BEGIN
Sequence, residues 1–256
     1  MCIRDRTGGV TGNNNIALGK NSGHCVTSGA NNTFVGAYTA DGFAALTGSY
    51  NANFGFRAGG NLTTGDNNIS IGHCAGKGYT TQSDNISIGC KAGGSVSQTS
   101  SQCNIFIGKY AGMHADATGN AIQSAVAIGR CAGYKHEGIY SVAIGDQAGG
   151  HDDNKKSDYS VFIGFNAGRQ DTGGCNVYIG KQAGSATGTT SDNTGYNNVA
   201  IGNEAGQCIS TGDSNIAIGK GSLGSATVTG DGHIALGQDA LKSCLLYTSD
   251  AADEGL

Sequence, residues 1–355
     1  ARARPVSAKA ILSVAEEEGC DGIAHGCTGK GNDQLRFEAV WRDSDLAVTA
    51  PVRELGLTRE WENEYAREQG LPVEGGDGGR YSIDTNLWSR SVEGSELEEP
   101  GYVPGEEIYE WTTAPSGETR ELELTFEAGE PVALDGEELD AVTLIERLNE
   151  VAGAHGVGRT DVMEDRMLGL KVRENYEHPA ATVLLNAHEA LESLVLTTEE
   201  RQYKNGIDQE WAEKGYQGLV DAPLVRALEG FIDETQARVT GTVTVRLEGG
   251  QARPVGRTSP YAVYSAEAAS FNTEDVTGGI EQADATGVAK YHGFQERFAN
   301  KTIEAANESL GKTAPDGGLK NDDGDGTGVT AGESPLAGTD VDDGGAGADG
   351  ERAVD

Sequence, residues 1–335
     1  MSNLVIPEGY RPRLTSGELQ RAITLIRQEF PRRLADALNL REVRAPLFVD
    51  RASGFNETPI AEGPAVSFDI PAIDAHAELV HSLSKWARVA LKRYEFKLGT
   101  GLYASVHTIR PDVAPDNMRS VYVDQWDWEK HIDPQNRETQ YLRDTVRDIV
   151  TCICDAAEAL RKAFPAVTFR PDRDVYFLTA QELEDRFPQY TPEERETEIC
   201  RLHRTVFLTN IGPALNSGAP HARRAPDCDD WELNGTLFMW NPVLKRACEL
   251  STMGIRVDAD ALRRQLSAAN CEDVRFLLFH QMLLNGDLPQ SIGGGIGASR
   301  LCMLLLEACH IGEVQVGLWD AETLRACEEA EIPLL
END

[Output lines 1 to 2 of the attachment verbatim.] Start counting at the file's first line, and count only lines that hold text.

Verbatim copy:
Sequence, residues 1–256
     1  MCIRDRTGGV TGNNNIALGK NSGHCVTSGA NNTFVGAYTA DGFAALTGSY